<groupId>org.springframework</groupId>
            <artifactId>spring-tx</artifactId>
            <version>${spring-framework.version}</version>
        </dependency>

        <!– Logging with SLF4J & LogBack –>
        <dependency>
            <groupId>org.slf4j</groupId>
            <artifactId>slf4j-api</artifactId>
            <version>${slf4j.version}</version>
            <scope>compile</scope>
        </dependency>
        <dependency>
            <groupId>ch.qos.logback</groupId>
            <artifactId>logback-classic</artifactId>
            <version>${logback.version}</version>
            <scope>runtime</scope>
        </dependency>

    </dependencies>   

[/sourcecode]

Here we are adding just the core spring jars, and it will download Spring Expression Language dependencies by itself and no need to explicitly specify them. This is how Maven helps you to develop projects easily.

Spring Beans :

Book.java

Author.java

[sourcecode language=”java”]

package com.onlinetutorialspoint.beans;

import org.springframework.beans.factory.annotation.Value;
import org.springframework.stereotype.Component;

@Component
public class Author {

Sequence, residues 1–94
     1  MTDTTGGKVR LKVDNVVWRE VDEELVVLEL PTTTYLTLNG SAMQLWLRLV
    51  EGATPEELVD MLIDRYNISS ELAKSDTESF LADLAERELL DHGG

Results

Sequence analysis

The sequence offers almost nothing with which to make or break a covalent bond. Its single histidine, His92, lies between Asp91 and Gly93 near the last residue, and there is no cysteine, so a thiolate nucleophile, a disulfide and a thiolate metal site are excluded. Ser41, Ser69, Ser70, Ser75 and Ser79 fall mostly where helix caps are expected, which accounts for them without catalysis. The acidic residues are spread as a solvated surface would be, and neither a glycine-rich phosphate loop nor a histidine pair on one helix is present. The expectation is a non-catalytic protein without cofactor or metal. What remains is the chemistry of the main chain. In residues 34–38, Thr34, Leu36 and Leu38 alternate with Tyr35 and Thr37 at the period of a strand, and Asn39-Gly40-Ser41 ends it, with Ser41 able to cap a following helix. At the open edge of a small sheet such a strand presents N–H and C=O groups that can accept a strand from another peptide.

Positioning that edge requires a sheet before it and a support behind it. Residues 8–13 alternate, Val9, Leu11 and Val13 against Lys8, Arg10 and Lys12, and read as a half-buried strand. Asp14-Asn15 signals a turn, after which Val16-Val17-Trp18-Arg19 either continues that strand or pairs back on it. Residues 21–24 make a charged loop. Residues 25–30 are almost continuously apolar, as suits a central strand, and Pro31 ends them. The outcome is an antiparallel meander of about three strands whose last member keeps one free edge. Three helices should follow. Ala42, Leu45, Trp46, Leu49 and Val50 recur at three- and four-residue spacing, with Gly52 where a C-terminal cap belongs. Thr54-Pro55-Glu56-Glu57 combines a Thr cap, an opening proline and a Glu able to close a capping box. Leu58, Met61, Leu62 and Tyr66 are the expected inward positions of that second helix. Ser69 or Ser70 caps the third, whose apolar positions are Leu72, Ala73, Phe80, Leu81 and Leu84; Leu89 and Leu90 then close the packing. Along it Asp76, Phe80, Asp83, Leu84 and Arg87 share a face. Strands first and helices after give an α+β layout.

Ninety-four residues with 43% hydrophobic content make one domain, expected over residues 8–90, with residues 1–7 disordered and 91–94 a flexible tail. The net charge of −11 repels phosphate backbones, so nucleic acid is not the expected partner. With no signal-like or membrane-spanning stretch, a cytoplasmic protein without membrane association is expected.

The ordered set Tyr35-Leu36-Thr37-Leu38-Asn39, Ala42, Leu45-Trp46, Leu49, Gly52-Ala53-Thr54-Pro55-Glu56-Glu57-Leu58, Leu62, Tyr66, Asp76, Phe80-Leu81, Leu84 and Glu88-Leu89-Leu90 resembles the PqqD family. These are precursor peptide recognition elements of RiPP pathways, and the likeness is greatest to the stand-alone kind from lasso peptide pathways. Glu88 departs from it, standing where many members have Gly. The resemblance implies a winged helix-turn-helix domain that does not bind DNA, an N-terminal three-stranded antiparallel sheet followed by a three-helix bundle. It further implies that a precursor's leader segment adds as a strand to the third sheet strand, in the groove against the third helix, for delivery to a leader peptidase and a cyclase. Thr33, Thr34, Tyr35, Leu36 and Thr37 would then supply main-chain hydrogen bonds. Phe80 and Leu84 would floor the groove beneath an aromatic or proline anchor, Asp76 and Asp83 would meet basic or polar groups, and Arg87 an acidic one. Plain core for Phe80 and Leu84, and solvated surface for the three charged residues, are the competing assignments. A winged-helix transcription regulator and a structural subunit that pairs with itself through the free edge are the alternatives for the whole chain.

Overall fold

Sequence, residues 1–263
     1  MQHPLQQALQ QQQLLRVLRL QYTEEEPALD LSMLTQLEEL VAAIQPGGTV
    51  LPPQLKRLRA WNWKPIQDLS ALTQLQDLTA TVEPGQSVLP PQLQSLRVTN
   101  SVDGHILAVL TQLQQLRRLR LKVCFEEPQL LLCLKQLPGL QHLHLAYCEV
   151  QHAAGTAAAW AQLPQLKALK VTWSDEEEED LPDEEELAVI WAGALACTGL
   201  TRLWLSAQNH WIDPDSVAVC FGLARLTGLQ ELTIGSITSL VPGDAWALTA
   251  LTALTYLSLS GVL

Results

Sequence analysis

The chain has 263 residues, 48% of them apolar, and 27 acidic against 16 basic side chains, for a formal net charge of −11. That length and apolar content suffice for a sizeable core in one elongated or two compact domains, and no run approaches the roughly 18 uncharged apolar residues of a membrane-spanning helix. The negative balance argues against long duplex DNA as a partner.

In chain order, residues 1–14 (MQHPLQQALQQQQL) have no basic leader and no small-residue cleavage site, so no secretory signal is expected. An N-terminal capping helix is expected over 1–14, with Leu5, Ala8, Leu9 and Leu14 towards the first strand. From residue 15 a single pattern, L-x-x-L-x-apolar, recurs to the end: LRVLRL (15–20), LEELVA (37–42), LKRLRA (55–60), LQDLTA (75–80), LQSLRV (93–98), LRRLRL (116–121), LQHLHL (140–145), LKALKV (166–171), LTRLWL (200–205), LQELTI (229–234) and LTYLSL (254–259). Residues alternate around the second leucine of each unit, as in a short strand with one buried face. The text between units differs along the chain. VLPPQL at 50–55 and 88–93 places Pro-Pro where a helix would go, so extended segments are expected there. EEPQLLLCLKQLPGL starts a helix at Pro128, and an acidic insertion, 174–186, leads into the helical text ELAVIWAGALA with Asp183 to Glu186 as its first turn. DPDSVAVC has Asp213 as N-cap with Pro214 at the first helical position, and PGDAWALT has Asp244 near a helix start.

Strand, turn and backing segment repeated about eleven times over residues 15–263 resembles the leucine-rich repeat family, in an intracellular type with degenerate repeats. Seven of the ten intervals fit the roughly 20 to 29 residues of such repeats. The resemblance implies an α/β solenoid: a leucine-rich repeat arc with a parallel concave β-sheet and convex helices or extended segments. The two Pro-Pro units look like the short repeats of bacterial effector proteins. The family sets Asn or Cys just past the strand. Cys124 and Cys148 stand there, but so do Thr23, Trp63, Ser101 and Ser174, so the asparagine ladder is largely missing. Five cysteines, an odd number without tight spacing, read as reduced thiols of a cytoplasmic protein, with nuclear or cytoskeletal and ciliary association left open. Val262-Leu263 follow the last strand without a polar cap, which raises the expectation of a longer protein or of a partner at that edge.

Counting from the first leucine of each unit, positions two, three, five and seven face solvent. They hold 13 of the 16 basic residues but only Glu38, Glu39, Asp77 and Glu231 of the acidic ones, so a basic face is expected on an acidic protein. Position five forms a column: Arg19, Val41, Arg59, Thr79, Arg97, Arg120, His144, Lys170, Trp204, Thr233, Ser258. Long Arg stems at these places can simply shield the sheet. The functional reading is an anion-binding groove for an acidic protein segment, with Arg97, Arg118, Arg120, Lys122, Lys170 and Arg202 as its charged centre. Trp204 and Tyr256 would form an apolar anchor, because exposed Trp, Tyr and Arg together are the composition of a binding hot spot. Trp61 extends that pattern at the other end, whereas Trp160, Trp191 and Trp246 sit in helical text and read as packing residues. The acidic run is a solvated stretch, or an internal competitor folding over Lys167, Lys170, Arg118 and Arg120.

@Value("#{book.title?.toUpperCase()}")
    private String bookTitle;
    @Value("Rod Johnson")
    private String authorName;
    @Value("#{T(java.lang.Math).PI}")
    private double x;

    public void show() {
        System.out.println("Book Title : " + bookTitle);
        System.out.println("Author Name : " + authorName);
        System.out.println("PI Value : " + x);
    }

}

[/sourcecode]

Here, if you notice we have mentioned on top of variable bookTitle in Author class, a SpEL expression  #{book.title?.toUpperCase()}, with  logic that if book.title is not equal to null convert it to upper case.

Expression is equivalent to:

String title  = book.getTitle();
If(title != null) {
return title.toUpperCase();
}

Same way we are accessing the static variable of Math class PI and setting it to variable x.

Spring Bean Configuration :

applicationcontext.xml

[sourcecode language=”xml”]

<?xml version="1.0" encoding="UTF-8"?>